How many times have you thought ‘I could get so much more work done if it weren’t for all this email?’ A French company called Atos decided to see if it could in fact increase productivity if it ousted email. Now the tech research company Gartner is checking out how well it did. Gartner being Gartner, it doesn’t provide a simple thumbs up or down verdict, but it does tease out some interesting nuances of the experiment.
(This may sound familiar to our faithful readers—a year ago we discussed taking email vacations, and mentioned Atos. The Gartner note is also to some degree a follow up from its Hype Cycle for Social Software from last year, which also mentioned organizations going no-email in passing as an innovation).
About a year ago, Gartner analysts predicted that the no-email trend would be short-lived and that most companies wouldn’t—and shouldn’t—attempt it. Instead, organizations should look to improve collaboration; less email would then be a bonus of that effort.
Consequently, it isn’t surprising that the multiple Gartner analysts frame the whole Atos experience as not really being about going no-email. What it was really about was improving collaboration. Announcements about going no-email were just to create a sense of urgency, call attention to the project, and to make it harder to back down, the analysts insist.
“Atos is rallying around no email, but eliminating email is not its target objective,” Gartner writes. “Atos is using its campaign more for its hot-button marketing power—both internal and external to the company. CEO and chairman, [Thierry] Breton, is trying to mitigate email as a barrier to change. And by announcing the Zero email initiative to the world, he is sending a clear message to the organization that there is no going back.”
What’s more interesting about the Atos no-email experiment is how Gartner uses it as an example of how to effect change in a company. Here’s what it did right:
- Got buy-in from the top. “Successful managers are instrumental in translating the overall value of the program into terms that resonate with individual employees,” Gartner writes. “If this link is missing, so is employee adoption."
- Created a “sense of urgency.” The no-email pledge and the publicity around it is more effective than a vaguer goal of “improving collaboration.”
- Put its money where its mouth is. Performance evaluations and bonuses are tied to the no-email effort, with 10 percent of an executive’s bonus tied to its success and with other bonus incentives tied to executive engagement.
- Really put its money where its mouth is. Gartner estimates that Atos is investing more than 500 times what a company typically spends on a collaboration program. This includes a number of new employees specifically related to the program and a great deal of training for all employees.
Atos’ approach wasn’t without risk, Gartner warns. The note was a bit grumbly about the whole effort, basically saying, “Well, they did pretty well, but that’s not really how you’re supposed to effect change in an organization.” Here are some of Atos’ riskier moves:
- Went all in. Atos didn’t just buy a new product for collaboration—it bought blueKiwi outright. “It is very unusual, and most often inadvisable, for an organization to buy a software company to improve employee productivity,” Gartner tut-tuts.
- Took the cold turkey approach. Gartner didn’t really approve of the way that Atos just decided to go no-email as a company, willy-nilly, despite all the preparation. “The more prevalent and less risky approach is to change culture incrementally, pursuing smaller social collaboration solutions that focus on causes around which people will rally and that target more specific business outcomes,” Gartner writes.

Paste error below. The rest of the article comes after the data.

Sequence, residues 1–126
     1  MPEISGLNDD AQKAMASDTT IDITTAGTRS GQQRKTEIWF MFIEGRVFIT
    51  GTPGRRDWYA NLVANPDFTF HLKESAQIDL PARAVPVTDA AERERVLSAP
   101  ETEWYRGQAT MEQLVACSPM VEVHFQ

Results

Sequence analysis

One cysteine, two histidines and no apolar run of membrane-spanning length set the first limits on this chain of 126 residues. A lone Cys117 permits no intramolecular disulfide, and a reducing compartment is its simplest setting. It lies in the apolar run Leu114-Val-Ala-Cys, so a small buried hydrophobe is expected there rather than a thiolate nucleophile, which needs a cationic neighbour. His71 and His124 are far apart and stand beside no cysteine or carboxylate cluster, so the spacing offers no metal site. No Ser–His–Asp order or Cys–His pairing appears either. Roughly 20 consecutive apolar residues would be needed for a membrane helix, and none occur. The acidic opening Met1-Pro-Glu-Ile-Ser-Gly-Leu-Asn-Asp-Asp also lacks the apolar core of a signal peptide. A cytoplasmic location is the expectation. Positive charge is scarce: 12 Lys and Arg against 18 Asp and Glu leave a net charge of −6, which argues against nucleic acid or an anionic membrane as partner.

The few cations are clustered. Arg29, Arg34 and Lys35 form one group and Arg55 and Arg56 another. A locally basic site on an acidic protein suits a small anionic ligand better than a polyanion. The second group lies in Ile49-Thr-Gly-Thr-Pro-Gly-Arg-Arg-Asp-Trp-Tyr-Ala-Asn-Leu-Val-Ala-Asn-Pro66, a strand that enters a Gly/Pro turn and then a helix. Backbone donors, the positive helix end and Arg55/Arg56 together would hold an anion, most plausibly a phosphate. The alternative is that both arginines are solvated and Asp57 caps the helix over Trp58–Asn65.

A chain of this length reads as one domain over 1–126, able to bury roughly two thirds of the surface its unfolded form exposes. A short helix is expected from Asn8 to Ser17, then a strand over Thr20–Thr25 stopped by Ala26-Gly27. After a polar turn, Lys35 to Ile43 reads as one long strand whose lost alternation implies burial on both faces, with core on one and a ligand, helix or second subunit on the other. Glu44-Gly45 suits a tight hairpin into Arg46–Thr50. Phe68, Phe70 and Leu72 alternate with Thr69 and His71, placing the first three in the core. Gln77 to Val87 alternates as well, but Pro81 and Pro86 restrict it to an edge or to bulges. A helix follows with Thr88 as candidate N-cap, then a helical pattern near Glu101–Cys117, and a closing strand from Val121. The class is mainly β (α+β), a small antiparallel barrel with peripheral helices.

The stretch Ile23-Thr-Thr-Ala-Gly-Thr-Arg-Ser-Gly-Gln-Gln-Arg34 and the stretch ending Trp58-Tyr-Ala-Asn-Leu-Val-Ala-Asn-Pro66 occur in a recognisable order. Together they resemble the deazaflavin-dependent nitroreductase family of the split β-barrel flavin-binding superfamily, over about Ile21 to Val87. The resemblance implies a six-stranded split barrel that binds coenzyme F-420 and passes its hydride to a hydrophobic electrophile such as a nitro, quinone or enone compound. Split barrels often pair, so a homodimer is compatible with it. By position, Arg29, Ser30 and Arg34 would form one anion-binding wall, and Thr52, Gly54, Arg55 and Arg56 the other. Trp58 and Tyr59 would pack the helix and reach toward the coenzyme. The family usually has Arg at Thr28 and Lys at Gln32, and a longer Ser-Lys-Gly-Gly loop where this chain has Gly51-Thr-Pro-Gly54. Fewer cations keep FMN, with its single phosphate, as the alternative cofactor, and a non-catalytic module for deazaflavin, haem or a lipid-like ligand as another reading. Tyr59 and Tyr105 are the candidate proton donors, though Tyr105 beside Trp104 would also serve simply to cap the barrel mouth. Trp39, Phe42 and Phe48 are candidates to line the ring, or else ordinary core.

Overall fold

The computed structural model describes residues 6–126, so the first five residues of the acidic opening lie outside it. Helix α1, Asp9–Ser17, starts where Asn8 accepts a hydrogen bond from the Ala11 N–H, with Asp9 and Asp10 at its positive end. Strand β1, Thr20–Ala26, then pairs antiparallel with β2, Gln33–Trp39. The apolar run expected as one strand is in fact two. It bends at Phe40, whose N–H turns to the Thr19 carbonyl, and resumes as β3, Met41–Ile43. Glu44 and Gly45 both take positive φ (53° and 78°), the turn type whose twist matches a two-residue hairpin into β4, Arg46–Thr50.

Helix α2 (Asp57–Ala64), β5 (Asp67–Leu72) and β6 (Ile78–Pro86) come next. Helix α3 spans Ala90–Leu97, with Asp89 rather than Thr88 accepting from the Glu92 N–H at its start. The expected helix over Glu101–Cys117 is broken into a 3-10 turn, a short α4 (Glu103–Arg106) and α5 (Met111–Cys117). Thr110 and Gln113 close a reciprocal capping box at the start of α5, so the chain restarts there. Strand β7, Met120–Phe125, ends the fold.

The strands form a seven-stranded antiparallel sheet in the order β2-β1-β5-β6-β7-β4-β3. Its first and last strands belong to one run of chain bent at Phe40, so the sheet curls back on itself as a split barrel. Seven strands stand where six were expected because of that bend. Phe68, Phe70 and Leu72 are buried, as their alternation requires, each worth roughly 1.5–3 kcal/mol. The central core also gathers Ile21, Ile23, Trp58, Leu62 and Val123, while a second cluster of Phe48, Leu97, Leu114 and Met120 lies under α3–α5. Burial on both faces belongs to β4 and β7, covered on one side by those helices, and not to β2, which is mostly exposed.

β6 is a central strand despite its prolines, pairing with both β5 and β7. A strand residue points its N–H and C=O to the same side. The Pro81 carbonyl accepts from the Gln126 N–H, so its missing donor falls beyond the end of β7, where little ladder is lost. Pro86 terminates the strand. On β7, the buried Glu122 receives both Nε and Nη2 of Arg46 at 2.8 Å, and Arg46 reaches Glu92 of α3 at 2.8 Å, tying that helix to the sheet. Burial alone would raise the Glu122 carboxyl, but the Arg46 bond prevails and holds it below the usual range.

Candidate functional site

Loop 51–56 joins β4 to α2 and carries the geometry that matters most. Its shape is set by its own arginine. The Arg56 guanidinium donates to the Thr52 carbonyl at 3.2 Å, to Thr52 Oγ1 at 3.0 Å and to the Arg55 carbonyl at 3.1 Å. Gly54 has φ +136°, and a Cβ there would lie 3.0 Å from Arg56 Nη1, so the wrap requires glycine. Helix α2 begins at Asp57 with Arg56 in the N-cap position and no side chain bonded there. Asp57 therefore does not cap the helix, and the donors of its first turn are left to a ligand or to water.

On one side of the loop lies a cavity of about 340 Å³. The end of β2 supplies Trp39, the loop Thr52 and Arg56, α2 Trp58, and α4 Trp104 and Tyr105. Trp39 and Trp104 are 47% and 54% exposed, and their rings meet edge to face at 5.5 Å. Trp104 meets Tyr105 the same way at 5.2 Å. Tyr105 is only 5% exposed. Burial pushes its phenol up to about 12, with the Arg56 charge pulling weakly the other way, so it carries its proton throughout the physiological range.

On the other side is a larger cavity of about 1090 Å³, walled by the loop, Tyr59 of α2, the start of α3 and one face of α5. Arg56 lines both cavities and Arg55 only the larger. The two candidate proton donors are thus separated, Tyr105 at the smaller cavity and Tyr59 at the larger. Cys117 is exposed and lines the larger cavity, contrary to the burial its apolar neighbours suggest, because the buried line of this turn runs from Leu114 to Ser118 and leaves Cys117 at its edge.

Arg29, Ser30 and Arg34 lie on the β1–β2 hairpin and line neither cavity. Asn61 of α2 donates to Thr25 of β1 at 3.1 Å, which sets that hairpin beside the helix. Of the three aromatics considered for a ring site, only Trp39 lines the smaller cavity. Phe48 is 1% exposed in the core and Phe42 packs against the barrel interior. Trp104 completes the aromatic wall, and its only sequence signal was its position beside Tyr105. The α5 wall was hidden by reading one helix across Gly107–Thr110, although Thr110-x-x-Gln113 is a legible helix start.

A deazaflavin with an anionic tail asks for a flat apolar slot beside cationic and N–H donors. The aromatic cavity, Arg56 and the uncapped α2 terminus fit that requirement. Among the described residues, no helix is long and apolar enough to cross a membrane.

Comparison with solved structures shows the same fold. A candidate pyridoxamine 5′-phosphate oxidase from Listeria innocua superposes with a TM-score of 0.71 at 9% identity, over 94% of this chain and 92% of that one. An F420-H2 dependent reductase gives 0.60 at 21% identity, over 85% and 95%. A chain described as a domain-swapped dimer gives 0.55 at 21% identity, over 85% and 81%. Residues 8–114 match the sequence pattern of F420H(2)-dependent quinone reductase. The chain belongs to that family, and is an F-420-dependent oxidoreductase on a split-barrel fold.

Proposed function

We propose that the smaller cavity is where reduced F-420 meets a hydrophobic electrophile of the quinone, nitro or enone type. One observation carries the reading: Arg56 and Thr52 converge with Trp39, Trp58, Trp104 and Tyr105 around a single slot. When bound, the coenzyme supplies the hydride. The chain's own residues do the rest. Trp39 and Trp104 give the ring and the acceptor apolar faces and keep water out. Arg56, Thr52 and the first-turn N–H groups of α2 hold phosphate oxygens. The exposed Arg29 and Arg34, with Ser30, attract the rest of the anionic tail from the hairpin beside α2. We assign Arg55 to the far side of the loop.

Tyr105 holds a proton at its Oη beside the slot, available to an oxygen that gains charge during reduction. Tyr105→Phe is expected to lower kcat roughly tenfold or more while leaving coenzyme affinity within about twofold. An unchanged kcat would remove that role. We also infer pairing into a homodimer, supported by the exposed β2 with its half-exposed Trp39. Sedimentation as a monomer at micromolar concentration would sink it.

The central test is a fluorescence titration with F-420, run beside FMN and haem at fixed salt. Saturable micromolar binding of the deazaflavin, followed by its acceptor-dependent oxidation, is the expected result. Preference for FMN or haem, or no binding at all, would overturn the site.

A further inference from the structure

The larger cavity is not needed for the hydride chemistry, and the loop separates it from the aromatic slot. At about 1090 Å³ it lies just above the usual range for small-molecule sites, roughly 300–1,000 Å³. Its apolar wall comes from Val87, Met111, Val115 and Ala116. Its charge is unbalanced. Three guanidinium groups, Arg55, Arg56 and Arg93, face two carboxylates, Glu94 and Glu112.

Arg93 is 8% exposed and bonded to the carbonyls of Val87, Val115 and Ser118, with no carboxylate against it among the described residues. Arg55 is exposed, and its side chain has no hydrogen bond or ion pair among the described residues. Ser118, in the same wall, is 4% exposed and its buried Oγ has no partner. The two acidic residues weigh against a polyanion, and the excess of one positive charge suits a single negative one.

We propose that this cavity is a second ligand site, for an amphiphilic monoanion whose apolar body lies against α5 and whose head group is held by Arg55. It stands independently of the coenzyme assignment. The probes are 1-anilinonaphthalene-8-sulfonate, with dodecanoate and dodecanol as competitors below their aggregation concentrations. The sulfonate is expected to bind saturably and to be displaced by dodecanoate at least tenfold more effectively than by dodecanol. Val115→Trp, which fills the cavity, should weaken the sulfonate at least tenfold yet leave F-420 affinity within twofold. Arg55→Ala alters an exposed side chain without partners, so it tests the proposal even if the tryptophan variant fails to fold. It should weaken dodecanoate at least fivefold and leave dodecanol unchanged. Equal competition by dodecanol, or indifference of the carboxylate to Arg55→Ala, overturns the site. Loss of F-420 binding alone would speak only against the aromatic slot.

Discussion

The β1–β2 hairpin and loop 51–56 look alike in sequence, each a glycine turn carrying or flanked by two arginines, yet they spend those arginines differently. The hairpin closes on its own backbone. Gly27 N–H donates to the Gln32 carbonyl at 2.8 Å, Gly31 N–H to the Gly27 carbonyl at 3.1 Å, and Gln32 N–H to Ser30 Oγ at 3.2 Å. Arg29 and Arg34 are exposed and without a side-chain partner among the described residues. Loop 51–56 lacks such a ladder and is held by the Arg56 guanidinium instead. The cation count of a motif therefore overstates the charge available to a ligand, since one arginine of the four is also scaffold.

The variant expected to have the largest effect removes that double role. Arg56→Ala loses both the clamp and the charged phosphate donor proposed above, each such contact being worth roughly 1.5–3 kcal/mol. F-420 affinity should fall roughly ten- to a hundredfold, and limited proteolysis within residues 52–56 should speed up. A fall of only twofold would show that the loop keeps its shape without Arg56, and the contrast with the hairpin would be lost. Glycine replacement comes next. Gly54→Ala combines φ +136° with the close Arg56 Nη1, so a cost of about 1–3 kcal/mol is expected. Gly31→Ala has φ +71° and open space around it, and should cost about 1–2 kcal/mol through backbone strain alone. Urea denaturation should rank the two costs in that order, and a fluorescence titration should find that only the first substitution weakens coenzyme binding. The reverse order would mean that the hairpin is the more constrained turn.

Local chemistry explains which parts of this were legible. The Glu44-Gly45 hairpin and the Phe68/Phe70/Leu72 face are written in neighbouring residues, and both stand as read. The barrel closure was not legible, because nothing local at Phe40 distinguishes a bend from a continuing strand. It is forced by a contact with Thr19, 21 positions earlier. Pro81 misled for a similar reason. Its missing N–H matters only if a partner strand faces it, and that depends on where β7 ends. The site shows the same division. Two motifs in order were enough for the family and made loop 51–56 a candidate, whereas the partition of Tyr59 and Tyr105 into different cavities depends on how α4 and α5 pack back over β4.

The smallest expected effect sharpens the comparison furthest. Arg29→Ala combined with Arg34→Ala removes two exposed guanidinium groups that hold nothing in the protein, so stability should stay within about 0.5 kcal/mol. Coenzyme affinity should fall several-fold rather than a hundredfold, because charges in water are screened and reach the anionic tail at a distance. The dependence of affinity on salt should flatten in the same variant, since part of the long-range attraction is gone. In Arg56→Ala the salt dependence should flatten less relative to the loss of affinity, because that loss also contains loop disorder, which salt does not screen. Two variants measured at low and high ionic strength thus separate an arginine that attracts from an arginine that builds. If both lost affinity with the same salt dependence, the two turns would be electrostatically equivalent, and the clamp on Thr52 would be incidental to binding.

- Out of the frying pan into the fire. Stymied from using email, employees might have gone to a less effective collaboration platform than email, Gartner warns, such as telephone or face-to-face. Such communications methods are synchronous, meaning both people have to be available at the same time, and tend to be interrupt-driven instead of scheduled, which makes them less effective, Gartner writes. Similarly, BGR blogger Darren Murph warns that these methods often fail to capture the knowledge transfer that takes place.
Bottom line, how is Atos doing with the no-email pledge? Well, as with most Gartner notes, that depends…
On the one hand… Atos’ 2013 operating margin is 7.5, up from 6.5 percent in 2012. Free cash flow increased year over year from €267 million to €365 million, earnings per share increased more than 50 percent, and selling, general, and administrative costs declined from 13 percent to 10 percent.
On the other hand… Because numerous factors impact overall business success, it is difficult to tie a no-email program directly to corporate performance.
On the one hand… Atos did not achieve its goal of zero internal email by the end of 2013.
On the other hand… The average number of internal email messages dropped from 100 per mailbox per week in 2011 to fewer than 40 by the end of 2013, a 60 percent reduction. The company has an 80 percent reduction targeted for mid-2014. Also, 200 Atos processes have been certified email-free, to which it attributes almost one-third of its overall email reduction. In addition, Atos now has more than 74,000 employees in blueKiwi participating in more than 7,446 communities, posting approximately 300,000 times per month and viewing almost 2 million pages per month.
The company also has several “success stories.” For example, on the Brazil service desk, customer issues are resolved 30 percent faster, with both happier customers and happier agents.
Or, as Gartner puts it, “There is evidence of strong social collaboration adoption and numerous success stories that, in aggregate, could have impacted overall corporate performance.”
We think that means it’s good.
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